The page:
Parents should perhaps be glad that kids have found a pastime that doesn’t involve their phones and tablets. They’re using their hands as well as creativity and mental acuity to fashion those tiny, brightly colored rubber bands into bracelets and necklaces.
But the craze can get way beyond control. Those loom bands are now everywhere, littering homes, classrooms and playgrounds. Celebrities from the Duchess of Cambridge to football star David Beckham have been seen wearing them. They have also been turned into all sorts of objects and shapes including underwear and entire dresses. American talk-show host Jimmy Kimmel wore a suit made of them!
Environmental groups warn that those millions of loom bands sweeping the planet might soon pose an environmental hazard.
Recycling consultants Waste Connect describes it as a “growing problem”, similar to what happened in 2011 when the Royal Mail started using red rubber rubber bands to help postal workers keep letters together on their rounds, Daily Mail reports.
“The Royal Mail had used over four billion rubber bands but they couldn’t be recycled so people were finding them in the street,” a Waste Connect spokeswoman was quoted as saying.
“Some people were sending them back to the Royal Mail, which was a great idea which saved money as they could be used again.”
But loom bands are a different matter. “Again, they can’t be recycled and when a child does eventually get bored with them and the craze dies out, they will just be taking up space,” she says.
And since the craze has yet to show signs of fading, environmental groups are urging parents and school officials to teach the kids to dispose of them properly.
Aside from the litter they create, improperly discarded bands may be ingested by pets who can choke on them and could find their way into the sea, posing threat to seabirds and marine creatures.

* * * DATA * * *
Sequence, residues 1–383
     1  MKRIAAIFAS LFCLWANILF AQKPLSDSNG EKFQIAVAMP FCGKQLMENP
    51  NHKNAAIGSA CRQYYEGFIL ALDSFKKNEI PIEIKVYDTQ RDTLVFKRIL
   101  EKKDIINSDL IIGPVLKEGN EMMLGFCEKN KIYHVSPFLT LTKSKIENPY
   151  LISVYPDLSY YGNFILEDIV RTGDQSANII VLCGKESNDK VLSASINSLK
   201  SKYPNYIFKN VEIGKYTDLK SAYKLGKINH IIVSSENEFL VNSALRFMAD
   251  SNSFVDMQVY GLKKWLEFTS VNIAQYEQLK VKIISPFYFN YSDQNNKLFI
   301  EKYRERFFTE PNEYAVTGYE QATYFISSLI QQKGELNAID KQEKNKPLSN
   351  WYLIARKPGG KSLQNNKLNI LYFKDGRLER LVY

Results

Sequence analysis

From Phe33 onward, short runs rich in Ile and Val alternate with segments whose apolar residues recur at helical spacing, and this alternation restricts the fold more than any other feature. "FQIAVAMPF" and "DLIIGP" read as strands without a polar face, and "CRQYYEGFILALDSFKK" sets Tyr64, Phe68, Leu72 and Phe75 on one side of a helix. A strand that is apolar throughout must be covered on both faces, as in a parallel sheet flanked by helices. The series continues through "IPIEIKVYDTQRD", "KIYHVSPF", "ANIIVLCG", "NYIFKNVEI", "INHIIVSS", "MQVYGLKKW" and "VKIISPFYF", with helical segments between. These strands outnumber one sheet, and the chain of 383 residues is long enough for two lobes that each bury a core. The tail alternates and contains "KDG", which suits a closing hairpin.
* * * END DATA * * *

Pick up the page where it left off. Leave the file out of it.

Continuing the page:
In the United States, a group has launched an online petition seeking a ban on the bands until they can be “produced and recycled in an environmentally sustainable way”.
“Surging demand for Rainbow Looms has led to the development of new rubber plantations in East Asia,” it says. “Not only does rubber production task the regional environment, but it also contributes to air and water pollution. The synthetic materials used to produce the looms are not renewable or recyclable.”
Paul Cox, director of conservation and communication at the National Marine Aquarium in Plymouth, said: “Loom bands, like any plastic item, are capable of persisting in the environment for many, many years and there is abundant evidence of small plastic items making their way into the diets of marine animals and seabirds with tragic consequences.”
Rainbow Loom was invented in 2011 by Cheong Choon Ng, a Malaysian-born former seatbelt technology developer from Michigan, who got his inspiration from his daughters whom he saw weaving elastic bands over their fingers to make bracelets, according to BBC News.
The toy has made him a multi-millionaire, but it has also unleashed a global craze that could be a ticking timebomb for the environment.
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